Forest fire and impact on water supplies

Forest fires create direct visible changes in the landscape. But how does a forest fire affect the water supply? Following the major forest fire in the county of Västmanland four years ago, researchers at SMHI investigated the water supply in the area and downstream. They reached the conclusion that forest fires primarily affect the seasonal distribution of water, but that the changes are local and other changes have a bigger impact.

The Hälleskogsbrännan nature reserve, end of June 2015
The Hälleskogsbrännan nature reserve at the end of June 2015, almost one year after the major forest fire. First, the vegetation returns closest to the watercourses. Enlarge Image

Following the major forest fire in Västmanland in 2014, the Formas research council carried out a strategic initiative to investigate various aspects of the impact of a forest fire. SMHI and the Swedish University of Agricultural Sciences (SLU) have conducted measurements of water supply and water flows both in and downstream of the fire area, to find out how they are changed by a forest fire.

“After the fire we had a different seasonal distribution of the water flows. In the autumn we had increased flows as the vegetation didn’t absorb as much water. In the spring the snow melted more quickly, as there wasn’t as much vegetation to shade and protect the snow,” says Berit Arheimer, Head of the Unit for Hydrological Research at SMHI.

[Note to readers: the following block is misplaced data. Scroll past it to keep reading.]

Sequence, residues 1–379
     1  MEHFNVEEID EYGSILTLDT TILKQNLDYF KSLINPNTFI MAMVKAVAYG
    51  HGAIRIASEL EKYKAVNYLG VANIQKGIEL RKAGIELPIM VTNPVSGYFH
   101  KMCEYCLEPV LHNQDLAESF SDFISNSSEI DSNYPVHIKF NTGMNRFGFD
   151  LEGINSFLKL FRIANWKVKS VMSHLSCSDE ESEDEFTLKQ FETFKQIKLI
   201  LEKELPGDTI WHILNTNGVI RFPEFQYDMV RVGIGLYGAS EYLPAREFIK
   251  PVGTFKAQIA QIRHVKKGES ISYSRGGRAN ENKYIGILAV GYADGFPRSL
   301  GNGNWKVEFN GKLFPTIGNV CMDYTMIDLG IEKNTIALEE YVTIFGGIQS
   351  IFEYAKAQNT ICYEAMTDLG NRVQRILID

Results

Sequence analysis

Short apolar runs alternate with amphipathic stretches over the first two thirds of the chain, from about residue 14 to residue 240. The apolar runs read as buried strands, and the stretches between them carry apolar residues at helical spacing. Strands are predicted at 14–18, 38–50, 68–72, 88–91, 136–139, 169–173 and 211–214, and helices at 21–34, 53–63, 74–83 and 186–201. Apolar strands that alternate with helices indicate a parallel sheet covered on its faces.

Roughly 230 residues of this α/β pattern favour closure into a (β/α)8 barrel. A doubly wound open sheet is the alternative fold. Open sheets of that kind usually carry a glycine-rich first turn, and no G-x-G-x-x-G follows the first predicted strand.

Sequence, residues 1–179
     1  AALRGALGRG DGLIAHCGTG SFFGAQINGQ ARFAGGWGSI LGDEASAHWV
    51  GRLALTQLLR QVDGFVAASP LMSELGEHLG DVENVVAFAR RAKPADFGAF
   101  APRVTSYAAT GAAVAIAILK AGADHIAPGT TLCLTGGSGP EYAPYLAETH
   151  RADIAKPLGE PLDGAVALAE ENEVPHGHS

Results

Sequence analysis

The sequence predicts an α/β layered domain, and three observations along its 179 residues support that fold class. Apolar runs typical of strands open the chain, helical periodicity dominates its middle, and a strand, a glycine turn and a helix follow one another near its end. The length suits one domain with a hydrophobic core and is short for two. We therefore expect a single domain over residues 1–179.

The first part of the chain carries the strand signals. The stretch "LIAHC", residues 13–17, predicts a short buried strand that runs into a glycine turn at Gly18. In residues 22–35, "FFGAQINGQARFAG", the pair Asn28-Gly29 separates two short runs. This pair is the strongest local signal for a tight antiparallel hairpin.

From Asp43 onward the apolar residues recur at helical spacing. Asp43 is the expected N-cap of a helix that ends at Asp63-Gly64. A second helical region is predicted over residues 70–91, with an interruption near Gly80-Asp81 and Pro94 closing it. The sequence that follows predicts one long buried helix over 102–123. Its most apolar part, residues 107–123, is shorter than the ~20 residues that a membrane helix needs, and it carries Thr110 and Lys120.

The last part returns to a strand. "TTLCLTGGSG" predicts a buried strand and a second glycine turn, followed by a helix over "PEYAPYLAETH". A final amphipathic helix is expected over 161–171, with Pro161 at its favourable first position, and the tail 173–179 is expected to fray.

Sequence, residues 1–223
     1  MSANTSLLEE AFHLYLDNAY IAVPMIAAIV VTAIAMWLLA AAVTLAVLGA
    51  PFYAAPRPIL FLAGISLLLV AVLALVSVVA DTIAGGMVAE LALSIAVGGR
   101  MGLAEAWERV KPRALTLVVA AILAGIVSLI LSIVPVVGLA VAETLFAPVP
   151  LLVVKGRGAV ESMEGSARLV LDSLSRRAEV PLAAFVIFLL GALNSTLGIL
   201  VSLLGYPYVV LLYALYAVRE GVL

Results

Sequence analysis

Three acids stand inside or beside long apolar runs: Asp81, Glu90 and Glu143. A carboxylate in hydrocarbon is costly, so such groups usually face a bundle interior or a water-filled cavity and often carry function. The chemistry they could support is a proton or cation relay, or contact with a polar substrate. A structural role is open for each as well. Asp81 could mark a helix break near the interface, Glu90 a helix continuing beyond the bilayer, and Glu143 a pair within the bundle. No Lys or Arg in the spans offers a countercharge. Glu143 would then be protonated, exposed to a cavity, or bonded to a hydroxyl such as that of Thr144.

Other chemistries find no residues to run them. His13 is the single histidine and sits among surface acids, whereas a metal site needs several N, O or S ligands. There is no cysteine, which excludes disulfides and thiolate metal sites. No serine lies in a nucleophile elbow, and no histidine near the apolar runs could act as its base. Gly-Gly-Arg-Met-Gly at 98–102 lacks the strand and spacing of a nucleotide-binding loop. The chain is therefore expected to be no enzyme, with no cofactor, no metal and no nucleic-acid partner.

Mostly local effects

The researchers were also able to confirm that the effects are most evident close to the fire area in the drainage areas, where more than half of the area had burnt. The effects were quickly diluted downstream.

“When we compare measurements in the fire area and downstream, we see that a forest fire has a pronounced local impact. If you compare with other changes, the changes in land use and vegetation have very little impact on water flows and water balance. Water regulation and climate variation have much more of an impact,” confirms Berit Arheimer.

The Hälleskogsbrännan nature reserve, June 2018
The Hälleskogsbrännan nature reserve at the end of June 2018, almost four years after the major forest fire, which started on 31 July 2014. Larger plants are now turning green at the site. Enlarge Image

Knowledge improves base data for decisions

The study improves the understanding of how a forest fire affects the water supply and water flows. The study involved a comparison of both affected and unaffected areas. The effects of the fire were also compared with other factors such as trees falling in storms, climate fluctuations and various human activities, for example urban growth and water regulation. The knowledge is used by SMHI’s researchers in the calculation models used for hydrological forecasts and future scenarios, in order to provide base data for decisions on how we can reduce our vulnerability to changes in the future.